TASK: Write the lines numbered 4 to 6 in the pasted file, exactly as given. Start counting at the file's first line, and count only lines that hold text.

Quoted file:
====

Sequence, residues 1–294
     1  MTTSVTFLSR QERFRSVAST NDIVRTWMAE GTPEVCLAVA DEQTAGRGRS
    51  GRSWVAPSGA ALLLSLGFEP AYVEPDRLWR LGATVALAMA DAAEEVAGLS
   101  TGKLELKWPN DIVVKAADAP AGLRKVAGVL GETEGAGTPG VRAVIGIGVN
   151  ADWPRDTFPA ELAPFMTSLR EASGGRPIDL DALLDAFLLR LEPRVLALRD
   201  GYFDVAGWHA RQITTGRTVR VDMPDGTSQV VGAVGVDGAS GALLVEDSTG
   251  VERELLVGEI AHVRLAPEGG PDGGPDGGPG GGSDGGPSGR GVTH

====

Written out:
   101  TGKLELKWPN DIVVKAADAP AGLRKVAGVL GETEGAGTPG VRAVIGIGVN
   151  ADWPRDTFPA ELAPFMTSLR EASGGRPIDL DALLDAFLLR LEPRVLALRD
   201  GYFDVAGWHA RQITTGRTVR VDMPDGTSQV VGAVGVDGAS GALLVEDSTG